“And then, the real kicker. Joe was the one who found me. He’d seen the story of a local soldier who’d disappeared on the evening news, and he had his agents – the ones he’d originally tasked with keeping tabs on the boy – fan out to look for me. He told me I didn’t have to go to Africa. I could’ve walked out that front door and kept on walking until I got to your front door. But I didn’t.”

James wiped away new tears from his cheeks.

Holly slumped in her chair. “Who was he?”

“His name was Peter. He was the son of the woman whose shrine you found in Joe’s house. Joe suspected Peter’s father, Andre, of pilfering Nazi gold. But he hated Andre. And maybe he was just looking for another reason.

“Getting Peter out was harder than I anticipated. We had months together, in the dark, with putrid water and hardly any food and little more than each other’s company. It took a while, but we eventually realized we were both just pawns on Joe’s chessboard.”

James took a deep breath. Holly steeled herself, knowing James was about to land another blow. But she’d asked for the truth. And she couldn’t fault him for giving it to her.

“Holly, Joe also pilfered Nazi gold.” Her expression didn’t change, but she sat up a little straighter in her chair. Maybe she’d suspected as much, or maybe nothing else James could say would surprise her at this point.

“Peter told me about plans to take any remaining gold from Joe after he died, plans that were formed when he was only a boy, when his father grew envious and suspicious of Joe’s sudden wealth. We both knew Joe had a kind heart, maybe if only because he was near the end of his life and wanted desperately to make amends. It wasn’t much of a stretch to assume Joe would hire you in last months to atone for sending me on what was looking more and more like a suicide mission. The thought of you getting wrapped up in that world…”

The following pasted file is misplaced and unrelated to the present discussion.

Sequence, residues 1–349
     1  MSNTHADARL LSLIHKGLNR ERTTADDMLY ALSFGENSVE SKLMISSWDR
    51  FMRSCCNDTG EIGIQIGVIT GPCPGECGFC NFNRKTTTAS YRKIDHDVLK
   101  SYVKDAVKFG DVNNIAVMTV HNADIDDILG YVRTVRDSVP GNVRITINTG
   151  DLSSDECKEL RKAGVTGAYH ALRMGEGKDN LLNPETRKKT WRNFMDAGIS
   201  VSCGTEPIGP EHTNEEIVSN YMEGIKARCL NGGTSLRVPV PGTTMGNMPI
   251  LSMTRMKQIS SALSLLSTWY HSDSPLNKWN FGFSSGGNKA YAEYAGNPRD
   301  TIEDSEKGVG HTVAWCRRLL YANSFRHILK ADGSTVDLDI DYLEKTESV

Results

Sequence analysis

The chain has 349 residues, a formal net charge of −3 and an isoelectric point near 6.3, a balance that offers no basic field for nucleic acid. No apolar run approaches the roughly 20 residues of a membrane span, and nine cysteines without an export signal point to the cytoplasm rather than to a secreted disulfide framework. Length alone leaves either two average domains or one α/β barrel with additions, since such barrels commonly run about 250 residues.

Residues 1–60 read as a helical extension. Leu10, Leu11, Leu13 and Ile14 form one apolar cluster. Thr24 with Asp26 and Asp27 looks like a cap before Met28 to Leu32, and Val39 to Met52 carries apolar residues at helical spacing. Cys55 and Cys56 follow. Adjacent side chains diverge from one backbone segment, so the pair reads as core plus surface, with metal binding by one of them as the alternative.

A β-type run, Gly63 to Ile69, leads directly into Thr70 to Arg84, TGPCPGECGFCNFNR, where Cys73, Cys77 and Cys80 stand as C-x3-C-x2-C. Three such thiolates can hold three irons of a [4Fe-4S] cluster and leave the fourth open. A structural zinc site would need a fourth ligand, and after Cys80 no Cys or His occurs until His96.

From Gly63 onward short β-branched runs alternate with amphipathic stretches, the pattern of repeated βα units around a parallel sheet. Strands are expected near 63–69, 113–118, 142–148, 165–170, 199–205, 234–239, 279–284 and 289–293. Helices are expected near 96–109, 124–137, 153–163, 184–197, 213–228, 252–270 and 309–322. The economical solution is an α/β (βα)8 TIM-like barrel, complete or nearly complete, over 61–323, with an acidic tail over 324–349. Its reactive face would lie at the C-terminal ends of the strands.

James sighed, and reached out for Holly’s hands. To her surprise, she accepted. “It was enough to bring me back to life. I’ve been fighting tooth and nail to get back to you ever since.”

Holly smiled, and squeezed James’s hands. “I love you, James. I love that I was enough for you. I love that you came here for me. I love the way you smashed down that door.” They both laughed. “But it scared me when you kicked Pesha in the face.” James stopped smiling. “It broke my heart when you told me you left me alone to go on some wild goose chase for a man you’d never met before.” Holly realized she was gripping James’s hands too tightly and let go. She swallowed hard and rose from the table.

She turned back to James. “You said we’re not safe here, and conveniently forgot to tell me why.”

“I didn’t—”

“No, stop. Please, just answer me this: how long until I need to worry about someone else kicking down that door?”

James shook his head, considering. “A day, maybe two.”

“Then I’m taking a nap.” Holly turned and went back into the small bedroom, gently closing the door behind her.


Holly woke up a few hours later, feeling only marginally refreshed. She repacked her carry-on, selecting a few items to get her through the next few days. She transferred the key for Vault 1957 into a different pair of shoes – cute black flats that could either be dressy or casual so she wouldn’t have to do this again.

James must have heard her rustling around in the bedroom. When she came out, he was sitting on the chair Pesha had slept in, looking like he’d just woken up from a nap himself. He stood up.

“How you feeling, kiddo?”

The pet name brought her back to their first months together. With that wounded look on his face, James looked even younger in the early evening light than when they’d first met. She wasn’t mad at him. But she wasn’t sure if anything else had already moved in to replace the hurt she felt when he admitted he’d come back to Topeka. She wasn’t sure anything ever would. But she was willing to try. “Hey, sport.”

“Looks like you’re all packed and ready.” His voice quivered. Holly knew he thought she was leaving without him.

“Where’s your bag? I don’t think my undies will fit you. At least not these undies.” She smiled.

James’s face melted, a huge grin taking over his face. “If I’m going to pack, I need to know where I’m going.”

“I don’t know if this makes me crazy, or loyal, or what… but I’m going to Istanbul.”